On blending core influences with new inspirations
The big influence here was Lemmy. I had this dream where he came to me and he was pissed off at me. He was saying, “You’re trying to take my throne, boy!? You can’t do that!” But it was really cool. I wrote that tune “Electric Messiah” shortly thereafter. I don’t think that song or the album sound like Motörhead other than a little bassline here or there. It’s closer to a hardcore punk record with a little bit of metal for me. Just something about it reminds me of Lemmy. People have told me even before he died that I’m the next Lemmy or the American Lemmy. I always tell them, “No way man. I don’t touch that guy.” I guess it’s the similar rough voice.
In terms of starting out [the writing process], I always start out with [Tony] Iommi. The church of the riff is the church of Iommi. He’s the blueprint and when you’re starting from scratch what’s the first thing you do? You look at the blueprint. I also love a guy like [late Slayer guitarist Jeff] Hanneman, who could make something so ridiculous and make it sound beautiful and dark. The Slayer guys and the Judas Priest guys are really inspiring to me because they never have gotten dated. They’re always on the cutting edge of what metal is doing. No matter what’s going on with a new record, this is where I start.
On balancing High on Fire and Sleep
With Sleep, we’re all getting older but we still feel like we can reinvent ourselves because we all have gotten more creative and inventive as we’ve gotten older. It took us a while to get back in the groove because we hadn’t written together since Dopesmoker, but Al [Cisneros, singer-bassist], Jason [Roeder, drummer] and I have all stayed busy with our different projects. “The Clarity” was a real breakthrough for us because we felt it was the first great thing we wrote when we got back together. I think “The Clarity” is one of the best things we’ve done.
Since all three of us in Sleep are in two bands everyone has gotten good at balancing things, but it’s also pushed all of us. We’re all always busy with music. We’re like a little family of bands that has to respect each other. I’m always working the two most talented rhythm sections in the world and I need to keep up. I feel like working with one just keeps me sharp for the other.
On the dichotomy between his goofball image and his career as a serious artist
I think my work speaks for itself but I love comedy. I don’t think I’d be a good standup comedian, but if you know me, I joke around all day. When I write riffs for any of my bands I write riffs that I think are kind of “smart-ass.” Like when you think you have something good and rockin’, but you make it even more rockin’ to the point where it sounds ridiculous, that makes me laugh. It’s comedy to me. Think about a rabid dog. Then you add bigger teeth and a bigger body and suddenly you have a werewolf. That’s my analogy for writing riffs and the way I look at music.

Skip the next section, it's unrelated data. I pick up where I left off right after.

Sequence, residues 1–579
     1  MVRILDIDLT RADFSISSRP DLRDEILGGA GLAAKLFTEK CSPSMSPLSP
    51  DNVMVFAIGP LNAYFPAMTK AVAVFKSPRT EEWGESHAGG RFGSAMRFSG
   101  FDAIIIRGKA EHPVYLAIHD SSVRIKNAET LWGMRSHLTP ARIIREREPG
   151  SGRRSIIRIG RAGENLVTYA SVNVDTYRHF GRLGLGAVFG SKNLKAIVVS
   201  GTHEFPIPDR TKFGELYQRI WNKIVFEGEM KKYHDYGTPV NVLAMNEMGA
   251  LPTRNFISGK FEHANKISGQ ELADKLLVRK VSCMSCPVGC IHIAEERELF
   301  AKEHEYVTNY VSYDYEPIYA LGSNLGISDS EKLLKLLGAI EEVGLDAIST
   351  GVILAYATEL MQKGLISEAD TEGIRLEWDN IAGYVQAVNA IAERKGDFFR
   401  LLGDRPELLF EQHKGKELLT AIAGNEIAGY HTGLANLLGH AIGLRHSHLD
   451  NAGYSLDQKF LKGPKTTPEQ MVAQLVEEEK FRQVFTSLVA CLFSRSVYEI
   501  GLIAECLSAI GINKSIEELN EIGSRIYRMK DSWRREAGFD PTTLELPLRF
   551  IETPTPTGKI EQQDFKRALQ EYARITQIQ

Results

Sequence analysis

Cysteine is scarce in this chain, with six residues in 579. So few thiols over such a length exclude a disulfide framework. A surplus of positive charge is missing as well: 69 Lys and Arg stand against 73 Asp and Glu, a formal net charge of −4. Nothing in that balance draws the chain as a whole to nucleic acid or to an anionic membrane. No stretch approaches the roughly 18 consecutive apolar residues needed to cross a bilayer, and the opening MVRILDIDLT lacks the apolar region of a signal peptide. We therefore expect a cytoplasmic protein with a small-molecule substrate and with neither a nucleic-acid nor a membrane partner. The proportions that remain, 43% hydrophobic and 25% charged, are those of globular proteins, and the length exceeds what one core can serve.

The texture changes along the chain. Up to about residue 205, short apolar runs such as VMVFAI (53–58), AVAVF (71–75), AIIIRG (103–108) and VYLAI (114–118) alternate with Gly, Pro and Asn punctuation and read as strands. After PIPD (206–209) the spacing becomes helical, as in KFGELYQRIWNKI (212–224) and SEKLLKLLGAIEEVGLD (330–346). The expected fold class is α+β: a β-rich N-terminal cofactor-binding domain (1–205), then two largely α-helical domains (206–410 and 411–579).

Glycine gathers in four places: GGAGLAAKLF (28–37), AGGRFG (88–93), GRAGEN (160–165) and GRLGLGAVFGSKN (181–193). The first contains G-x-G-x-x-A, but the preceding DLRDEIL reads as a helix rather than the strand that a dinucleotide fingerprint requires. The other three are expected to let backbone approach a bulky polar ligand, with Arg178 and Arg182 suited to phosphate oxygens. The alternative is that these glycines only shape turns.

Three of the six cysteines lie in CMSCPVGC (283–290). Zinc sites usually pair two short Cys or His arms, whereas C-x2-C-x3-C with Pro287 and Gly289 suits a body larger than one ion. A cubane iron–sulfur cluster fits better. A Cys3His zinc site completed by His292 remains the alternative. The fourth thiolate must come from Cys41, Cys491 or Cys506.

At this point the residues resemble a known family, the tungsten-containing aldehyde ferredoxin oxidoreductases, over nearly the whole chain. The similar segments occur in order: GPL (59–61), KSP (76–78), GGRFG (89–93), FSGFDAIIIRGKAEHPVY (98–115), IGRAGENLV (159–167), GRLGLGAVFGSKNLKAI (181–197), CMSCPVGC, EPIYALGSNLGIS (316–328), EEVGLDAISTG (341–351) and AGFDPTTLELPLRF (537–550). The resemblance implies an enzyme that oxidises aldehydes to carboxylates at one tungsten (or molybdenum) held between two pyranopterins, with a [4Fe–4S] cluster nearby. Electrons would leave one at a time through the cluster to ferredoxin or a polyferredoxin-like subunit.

I mean I take this seriously and I want it to sound vicious. I like extreme music and I stay true to that aesthetic, but I always try to think how can I make this sound even stupider. I really think this is the only way to get anybody to pay attention because metal has all these guys who try to quantify it and end up making the same song every time. I think there are a lot of bands that sound formulaic. I like bands like Celtic Frost, Tragedy, and Bolt Thrower that really tried to mess with the mold.
On crediting his prolific 2018 to stars aligning, luck, or just feeling creative
It’s sort of been all of those things. I had planned on this being my year of getting shit done. It feels like now I’ve got most of that done now. The rest of the year will be touring and finding some time for myself at home. I think me and my bandmates are all at an age where we really got to work to make a living and we all want to create songs we can play for the next 10 years. I don’t really mind working though. As long as I get a little time off every now and then I’m happy being busy and creative. If I bottle all that up I get depressed when I don’t make something. They say idle hands are the devil’s playthings and we all know my problems. I avoid that by staying as busy as I can.
Our thanks to Matt Pike for taking the time to speak with Heavy Consequence. High on Fire’s Electric Messiah album is available for pre-order here, while dates for the band’s co-headlining tour with Municipal Waste can be found here.